This is an even bigger problem, of course, because the code was deployed successfully, and now the error might not happen until an end user tries to add (or become) a customer…


Here's an even simpler set of code that I wanted to try on each database/instance combination:

-- wrong case for variable
-- wrong case for column name
-- wrong case for object name
-- wrong case for database name
USE Master;

Here's how they worked out:

Database / Instance variable column object database
CS / CI OK Invalid column Invalid object OK
CI / CS Must declare variable OK OK Database does not exist
CS / CS Must declare variable Invalid column Invalid object Database does not exist

The reasons for these patterns quickly become fairly evident: variables use instance collation, object and column names use the collation of sys.objects etc. (which use database collation), and database names use sys.databases (which uses instance collation). If we look at those in each case:

SELECT collation_name 
  FROM sys.all_columns 
  WHERE name = N'name'
  AND [object_id] = OBJECT_ID(N'sys.objects');
SELECT collation_name
  FROM master.sys.all_columns
  WHERE name = N'name'
  AND [object_id] = OBJECT_ID(N'sys.databases');

This is what they look like:

Database / Instance sys.all_objects sys.all_columns
CI / CI SQL_Latin1_General_CP1_CI_AS SQL_Latin1_General_CP1_CI_AS
CS / CI SQL_Latin1_General_CP1_CS_AS SQL_Latin1_General_CP1_CI_AS
CI / CS SQL_Latin1_General_CP1_CI_AS SQL_Latin1_General_CP1_CS_AS
CS / CS SQL_Latin1_General_CP1_CS_AS SQL_Latin1_General_CP1_CS_AS

There are some peculiarities, though. For example, with system objects, you can get the case of a column name wrong no problem, even in a case sensitive database on a case sensitive instance. This works no problem:

SELECT NAME FROM sys.objects;

However if you get the case wrong for the view itself instead of the column:

SELECT name FROM sys.Objects;

Still an error message:

Msg 208, Level 16, State 1
Invalid object name 'sys.Objects'.

So it looks like different rules are used to determine whether case sensitivity matters for system objects, depending on whether you are looking at the object itself or its columns. Even more reason for you to just strive to have code that uses correct, matching case from the start, in all cases.


Long story short, a lot of things can go wrong when you develop in a case insensitive collation but code might ultimately get deployed to a case sensitive database or instance (or both). In most cases the errors will be caught at deployment time, but in a few, the objects could be created successfully anyway, and problems would not be detected until testing/QA time (or, worse, even later). This is one of those things that is fairly easy to get right from the start, and a lot more cumbersome to fix later.


There are some code analysis tools that can check for things like this; when I pinged George Mastros (@gmmastros), he agreed that it was a good idea, and is going to try to put it in an upcoming release of SQLCop.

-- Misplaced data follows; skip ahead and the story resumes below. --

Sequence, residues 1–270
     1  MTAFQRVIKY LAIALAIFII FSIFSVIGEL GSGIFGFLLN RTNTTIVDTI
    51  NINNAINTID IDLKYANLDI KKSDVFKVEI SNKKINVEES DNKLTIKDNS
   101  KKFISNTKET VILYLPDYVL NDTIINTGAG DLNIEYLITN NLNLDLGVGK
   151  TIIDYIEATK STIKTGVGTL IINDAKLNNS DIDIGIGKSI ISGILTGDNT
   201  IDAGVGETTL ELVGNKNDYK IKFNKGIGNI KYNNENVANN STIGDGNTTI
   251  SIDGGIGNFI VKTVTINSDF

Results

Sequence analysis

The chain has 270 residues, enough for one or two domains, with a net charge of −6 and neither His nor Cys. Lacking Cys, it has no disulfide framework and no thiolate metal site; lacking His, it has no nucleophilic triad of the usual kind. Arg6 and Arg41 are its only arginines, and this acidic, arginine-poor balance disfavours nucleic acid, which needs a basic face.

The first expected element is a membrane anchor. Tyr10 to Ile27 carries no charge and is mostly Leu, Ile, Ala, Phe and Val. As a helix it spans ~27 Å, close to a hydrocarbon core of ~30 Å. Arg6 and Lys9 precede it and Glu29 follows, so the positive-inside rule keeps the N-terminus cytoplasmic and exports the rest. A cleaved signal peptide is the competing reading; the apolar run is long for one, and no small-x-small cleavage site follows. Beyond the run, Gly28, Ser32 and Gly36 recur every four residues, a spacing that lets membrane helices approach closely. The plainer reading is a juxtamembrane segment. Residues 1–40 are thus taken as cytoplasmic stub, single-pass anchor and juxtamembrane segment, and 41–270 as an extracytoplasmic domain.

But you can prevent these problems far earlier than that, if you're willing to do it. I have long been a proponent of developing – at least for code that does not cross databases or servers – on a case sensitive collation. This makes sure these errors are caught up front, and not six months from now when a database is migrated or consolidated. "But won't that slow me down?" Initially, maybe, a little. But in all honesty, IntelliSense (or tools like Redgate SQL Prompt) should prevent you from ever having to type this stuff correctly on your own anyway.

[See an index of all bad habits / best practices posts]

Comments ( 4 )

  • Varun says:

    Wow! this goes even deeper than I thought! Collation, database, and then server level as well.
    It definitely pays in the long run to put yourself through stress earlier rather than later, because later it would only become many folds!
    Be strict to yourself early on and enjoy a relatively stress-free life later. ( how that holds true in all aspects of life.. :D )

  • Dan says:

    We've just recently run into a problem where our software failed to install at a customer site due to a stored procedure parameter being declared in upper case and then referenced further down within the stored procedure as lower case. Our database is in fact case-sensitive, but I've just been horrified to learn that the database collation doesn't come into play for variable names, which is controlled purely by server collation.

  • Mickey Stuewe says:

    While my database is not case sensitive, the "code first" entity framework application that uses it is. This means the case has to be addressed from initial schema to stored procedures and everything in between.


  • Bill says:

    Admittedly I've rarely had to develop for CS targets, but SSDT projects have automatic warnings/suggestions for case-mismatches. The problem is that few developers pay attention to this when starting out and the next thing you know there's 250+ warnings and no quick quest to resolve (maybe punishment for devs with most bugs each sprint).

    Would be really nice to see a tool (e.g. BIDSHelper) have an option to auto-correct in the SSDT projects…but I also like the suggestion of developing against a CS collation (regardless of target).